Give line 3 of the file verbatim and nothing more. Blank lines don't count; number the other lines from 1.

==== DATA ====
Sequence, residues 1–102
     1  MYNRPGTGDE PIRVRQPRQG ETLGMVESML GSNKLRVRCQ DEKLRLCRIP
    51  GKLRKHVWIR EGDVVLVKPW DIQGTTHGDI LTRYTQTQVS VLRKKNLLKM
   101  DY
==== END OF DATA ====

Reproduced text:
    51  GKLRKHVWIR EGDVVLVKPW DIQGTTHGDI LTRYTQTQVS VLRKKNLLKM